The NHS and faith leaders in Lancashire and South Cumbria are calling for all Muslims to protect themselves against COVID-19 this Ramadan.

Since 2020, the COVID-19 vaccine has been our most important protection against the virus. Unfortunately, COVID-19 is still active, but the vaccine offers the best protection against becoming seriously unwell and passing the virus on to others.

As COVID-19 is more serious in older people and those with a weakened immune system, the NHS is now calling those aged 75 and over, and people aged 12 and over who have a weakened immune system, to come forward for a spring booster. Whilst vaccines give us a good level of protection, that protection wanes after time and that’s why it’s so important not to delay having booster injections.

COVID-19 vaccinations and boosters don’t contain animal products or pork and according to the British Islamic Medical Association individuals should not delay their COVID-19 vaccinations on account of Ramadan. The opinion of Islamic scholars is that having a vaccination does not invalidate the fast.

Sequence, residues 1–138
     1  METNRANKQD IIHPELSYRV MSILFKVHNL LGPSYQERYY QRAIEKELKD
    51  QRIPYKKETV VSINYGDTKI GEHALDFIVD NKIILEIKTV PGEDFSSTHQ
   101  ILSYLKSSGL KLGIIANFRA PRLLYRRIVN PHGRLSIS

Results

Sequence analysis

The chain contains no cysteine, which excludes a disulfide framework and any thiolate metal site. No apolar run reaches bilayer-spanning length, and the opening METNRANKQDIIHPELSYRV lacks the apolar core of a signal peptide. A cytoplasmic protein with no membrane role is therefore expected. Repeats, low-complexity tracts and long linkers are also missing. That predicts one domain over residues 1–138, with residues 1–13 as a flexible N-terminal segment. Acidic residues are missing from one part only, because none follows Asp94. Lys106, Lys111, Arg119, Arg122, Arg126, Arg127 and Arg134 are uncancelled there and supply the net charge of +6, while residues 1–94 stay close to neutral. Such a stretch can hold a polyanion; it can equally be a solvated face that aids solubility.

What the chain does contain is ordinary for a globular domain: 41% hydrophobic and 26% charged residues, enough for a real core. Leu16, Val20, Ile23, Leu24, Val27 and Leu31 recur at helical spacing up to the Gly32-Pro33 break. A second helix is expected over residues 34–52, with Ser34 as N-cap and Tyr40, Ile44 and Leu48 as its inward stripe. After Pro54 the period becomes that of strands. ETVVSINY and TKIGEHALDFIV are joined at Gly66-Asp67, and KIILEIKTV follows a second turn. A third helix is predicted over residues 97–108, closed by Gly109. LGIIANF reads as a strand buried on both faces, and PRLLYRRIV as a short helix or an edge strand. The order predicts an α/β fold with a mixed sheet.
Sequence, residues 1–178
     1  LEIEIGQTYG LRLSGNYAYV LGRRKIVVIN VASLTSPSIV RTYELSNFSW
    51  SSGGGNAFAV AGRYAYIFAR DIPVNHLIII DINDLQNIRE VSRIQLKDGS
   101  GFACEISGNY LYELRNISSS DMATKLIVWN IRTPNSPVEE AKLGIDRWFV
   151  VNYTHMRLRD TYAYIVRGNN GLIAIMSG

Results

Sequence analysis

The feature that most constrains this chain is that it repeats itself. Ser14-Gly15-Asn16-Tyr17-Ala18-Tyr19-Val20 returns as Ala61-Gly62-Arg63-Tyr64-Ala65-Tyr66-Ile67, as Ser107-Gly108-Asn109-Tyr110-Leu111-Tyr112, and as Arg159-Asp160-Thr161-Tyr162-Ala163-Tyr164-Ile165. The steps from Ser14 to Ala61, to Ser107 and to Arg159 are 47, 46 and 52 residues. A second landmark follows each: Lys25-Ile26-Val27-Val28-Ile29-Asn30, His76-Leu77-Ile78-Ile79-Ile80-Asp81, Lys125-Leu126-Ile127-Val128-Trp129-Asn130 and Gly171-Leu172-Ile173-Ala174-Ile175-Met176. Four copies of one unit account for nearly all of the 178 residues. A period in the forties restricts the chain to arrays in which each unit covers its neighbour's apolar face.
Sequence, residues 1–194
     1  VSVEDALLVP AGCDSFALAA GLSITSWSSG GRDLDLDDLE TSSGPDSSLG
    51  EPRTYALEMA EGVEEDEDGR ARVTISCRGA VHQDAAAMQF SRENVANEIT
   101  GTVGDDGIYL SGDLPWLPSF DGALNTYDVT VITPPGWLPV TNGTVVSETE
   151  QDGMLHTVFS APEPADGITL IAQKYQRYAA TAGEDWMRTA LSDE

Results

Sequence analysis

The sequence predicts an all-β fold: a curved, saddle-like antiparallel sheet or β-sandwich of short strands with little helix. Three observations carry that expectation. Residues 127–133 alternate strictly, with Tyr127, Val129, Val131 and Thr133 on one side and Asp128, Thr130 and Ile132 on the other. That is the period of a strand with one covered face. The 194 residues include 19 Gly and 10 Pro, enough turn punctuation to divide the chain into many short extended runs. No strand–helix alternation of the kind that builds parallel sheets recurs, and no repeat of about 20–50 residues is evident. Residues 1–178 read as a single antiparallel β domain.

Chair of Lancashire Council of Mosques, Imam Rafiq Sufi, said: “Those that are the most vulnerable in society should consider taking the spring booster vaccine as a means of a precautionary measure for their own protection and the protection of their dear and near ones.

“The COVID-19 vaccine can also be taken in the state of fasting during the holy month of Ramadan. Taking the vaccine will not be a means of hindrance for the acceptance of the fast.”

Some people might experience some mild side effects from the booster dose, regardless of how they reacted to previous COVID-19 vaccines. Side effects do not last for very long and not everybody will get them. These can include a sore arm, feeling tired, a headache, feeling achy, and feeling or being sick.

As a pain killer such as paracetamol is recommended, vaccination appointments could be booked in the late afternoon so in case of any potential side effects, medication can be taken on the breaking of the fast.

The NHS continues to encourage those who have yet to come forward for their first, second or booster dose, to do so at a time and place that is convenient for them. Everyone aged 12 and over, and some children aged five to 11, can get a first and second dose of the vaccine, while people aged 16 and over and some children aged 12 to 15 can also get a booster dose.

There are still plenty of walk-in options in every part of the country for people to get their initial booster. People can find their nearest centre or book an appointment at or by calling 119 free of charge (translators are available on request) and more information can be found at